By Michael Liebreich, Chairman of the Advisory Board
and Angus McCrone, Chief Editor
Bloomberg New Energy Finance
One of the key characteristics of complex systems, such as the world’s energy and transport sectors, is that when they change it tends not to be a linear process. They flip from one state to another in a way strongly analogous to a phase change in material science. We have written about this before, for instance here and here.
A second important characteristic of this type of economic phase change is that when one major sector flips, the results rip through the whole economy and can have impacts on the societal scale.
We are seeing this effect in the electricity system right now. The rapid uptake of renewable generation in the power system, unstoppable now because of cost reductions in wind and solar, has not simply rendered a certain proportion of conventional generation uneconomic. It has fundamentally changed the way power markets work, making new investment in other sources all but impossible; it has changed the control paradigm for the grid from base-load-and-peak to forecast-and-balance; it has altered flows of investment throughout the power system and its technology providers; it is forcing through an accelerated digitisation of all electrical equipment. It is even changing the way buildings are designed, the training needed by the construction trades, and the way infrastructure is financed.
We’ve seen this effect before, and not just in the distant past. When the first cell phones appeared, the assumption was that they would be used like normal phones, but on the move. But as their costs came down, their uses rose and they demanded the digitization of the analogue phone network – just as renewable energy is doing now to the power network. Three decades on, cell phones have pushed fixed phones to the fringes; even more importantly, however, they have driven profound changes in sector after sector of the wider economy – the type of holidays we take and how we book them, the mix of shops on high streets and in malls, the way we move around our cities. Mobile phones have eaten entire industries (cameras, alarm clocks, maps) and are set to do the same to others (newspapers, cash handling, music systems). No sector is immune, right down to furniture design, the size of pockets sewn into garments, even how many single diners a restaurant needs to plan for each night.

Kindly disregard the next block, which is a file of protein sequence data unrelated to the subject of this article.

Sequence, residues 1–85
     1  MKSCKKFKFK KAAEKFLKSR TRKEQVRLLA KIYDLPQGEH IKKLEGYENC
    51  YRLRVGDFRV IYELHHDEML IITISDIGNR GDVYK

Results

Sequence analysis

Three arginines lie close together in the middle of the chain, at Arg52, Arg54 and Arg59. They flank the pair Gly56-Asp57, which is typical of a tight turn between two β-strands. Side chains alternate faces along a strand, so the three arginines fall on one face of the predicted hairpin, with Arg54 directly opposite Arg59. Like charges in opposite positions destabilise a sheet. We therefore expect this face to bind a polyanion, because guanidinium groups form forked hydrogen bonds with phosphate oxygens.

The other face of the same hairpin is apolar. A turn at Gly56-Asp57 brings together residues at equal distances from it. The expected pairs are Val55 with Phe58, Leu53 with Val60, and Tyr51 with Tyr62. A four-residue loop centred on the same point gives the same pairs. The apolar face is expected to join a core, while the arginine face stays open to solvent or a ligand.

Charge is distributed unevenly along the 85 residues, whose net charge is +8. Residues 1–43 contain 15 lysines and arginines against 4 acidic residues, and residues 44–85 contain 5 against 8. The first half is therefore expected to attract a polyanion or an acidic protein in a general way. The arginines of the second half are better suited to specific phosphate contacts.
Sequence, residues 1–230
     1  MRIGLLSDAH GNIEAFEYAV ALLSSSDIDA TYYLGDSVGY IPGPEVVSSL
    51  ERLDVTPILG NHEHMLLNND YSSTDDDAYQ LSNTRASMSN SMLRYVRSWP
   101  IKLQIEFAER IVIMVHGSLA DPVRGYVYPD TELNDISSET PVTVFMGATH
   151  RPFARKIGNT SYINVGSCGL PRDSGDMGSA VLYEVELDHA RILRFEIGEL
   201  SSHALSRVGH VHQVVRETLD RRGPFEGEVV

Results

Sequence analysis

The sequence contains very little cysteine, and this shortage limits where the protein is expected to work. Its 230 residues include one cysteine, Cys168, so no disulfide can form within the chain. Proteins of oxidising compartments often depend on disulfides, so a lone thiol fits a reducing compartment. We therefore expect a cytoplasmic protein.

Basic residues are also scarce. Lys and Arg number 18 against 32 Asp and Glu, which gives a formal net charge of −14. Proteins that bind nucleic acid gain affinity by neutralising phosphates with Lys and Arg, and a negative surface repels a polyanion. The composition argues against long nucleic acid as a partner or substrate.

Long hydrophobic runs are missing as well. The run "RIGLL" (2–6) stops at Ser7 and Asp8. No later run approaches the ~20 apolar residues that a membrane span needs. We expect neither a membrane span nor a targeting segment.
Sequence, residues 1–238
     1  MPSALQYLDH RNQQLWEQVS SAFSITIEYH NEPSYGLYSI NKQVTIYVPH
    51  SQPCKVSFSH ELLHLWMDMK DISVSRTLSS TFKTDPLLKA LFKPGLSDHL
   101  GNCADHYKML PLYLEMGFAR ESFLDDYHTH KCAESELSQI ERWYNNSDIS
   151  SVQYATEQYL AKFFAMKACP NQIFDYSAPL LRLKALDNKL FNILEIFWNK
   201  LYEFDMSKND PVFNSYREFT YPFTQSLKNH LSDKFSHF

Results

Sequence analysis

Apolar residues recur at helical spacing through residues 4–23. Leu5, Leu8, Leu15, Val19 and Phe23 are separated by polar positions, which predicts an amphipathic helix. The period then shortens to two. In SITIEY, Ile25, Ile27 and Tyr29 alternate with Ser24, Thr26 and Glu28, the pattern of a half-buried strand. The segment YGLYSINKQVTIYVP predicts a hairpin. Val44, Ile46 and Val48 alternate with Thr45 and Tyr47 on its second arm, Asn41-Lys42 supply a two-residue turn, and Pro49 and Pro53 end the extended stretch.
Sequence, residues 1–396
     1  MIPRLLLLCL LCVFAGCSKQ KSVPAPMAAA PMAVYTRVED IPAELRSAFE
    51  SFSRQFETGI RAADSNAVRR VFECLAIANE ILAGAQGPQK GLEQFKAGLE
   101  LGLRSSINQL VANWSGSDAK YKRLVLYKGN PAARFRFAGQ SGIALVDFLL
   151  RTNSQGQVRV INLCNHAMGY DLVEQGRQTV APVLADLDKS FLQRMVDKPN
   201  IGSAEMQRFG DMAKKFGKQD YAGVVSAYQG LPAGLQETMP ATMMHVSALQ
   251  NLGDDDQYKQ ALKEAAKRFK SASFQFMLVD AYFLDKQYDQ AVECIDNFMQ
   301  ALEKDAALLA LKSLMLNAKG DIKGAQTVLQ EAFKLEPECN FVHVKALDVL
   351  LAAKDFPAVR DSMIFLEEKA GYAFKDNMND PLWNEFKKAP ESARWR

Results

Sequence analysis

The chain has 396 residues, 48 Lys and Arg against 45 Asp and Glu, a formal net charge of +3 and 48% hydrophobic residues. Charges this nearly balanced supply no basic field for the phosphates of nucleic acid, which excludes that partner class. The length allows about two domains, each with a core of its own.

Over the past few years we at Bloomberg New Energy Finance have been devoting more and more of our attention to the transportation sector. Just as in 2004 we felt the energy industry and its mainstream analysts had failed to understand the scale, imminence and implications of the renewable energy revolution, so in 2010 we started to feel the same about electric vehicles. One of the Magnificent Seven long-term trends I highlighted at our Summit that year was “The Transformation of Transportation”, which I illustrated with pictures of what electric vehicles looked like up to that point – British milk floats, the Sinclair C5 (look it up!), various tiny and weird-looking cars like the G-Wiz – followed by pictures of the electric cars of the future, which looked like, well, normal cars.
This year, BNEF was the first mainstream energy research firm to publish a comprehensive forecast showing electric vehicles penetrating deep into the car market. The central scenario of our Global EV Sales Outlook to 2040, published in February, was that 35 percent of new sales would be electric by 2040, and perhaps as high as 47 percent under certain conditions (higher oil prices, more widespread use of car-sharing). If anything, since publishing that forecast, we are tending to think EV penetration will be faster, not slower, despite persistently low oil prices. In the first half of this year, worldwide EV sales were 285,000, up 57 percent on 2015.
The reason for our bullishness on electric vehicles is not just the fact that battery costs are dropping at the sort of rates we have seen in the solar industry, down 65 percent in the past five years. It is also that electric vehicles out-compete internal combustion cars in lots of important dimensions: they drive more smoothly yet accelerate better, they can be charged at home or at the office, they require much less maintenance, they help solve air quality problems, they improve the energy autonomy of oil-importing countries. Sure, they have limited range and take a while to charge, but this is, in practice, irrelevant for the vast majority of use cases. Up to 40 percent of the cars in the U.S. are second vehicles; can anyone think of a good reason to buy a diesel or petrol second car in 15 years?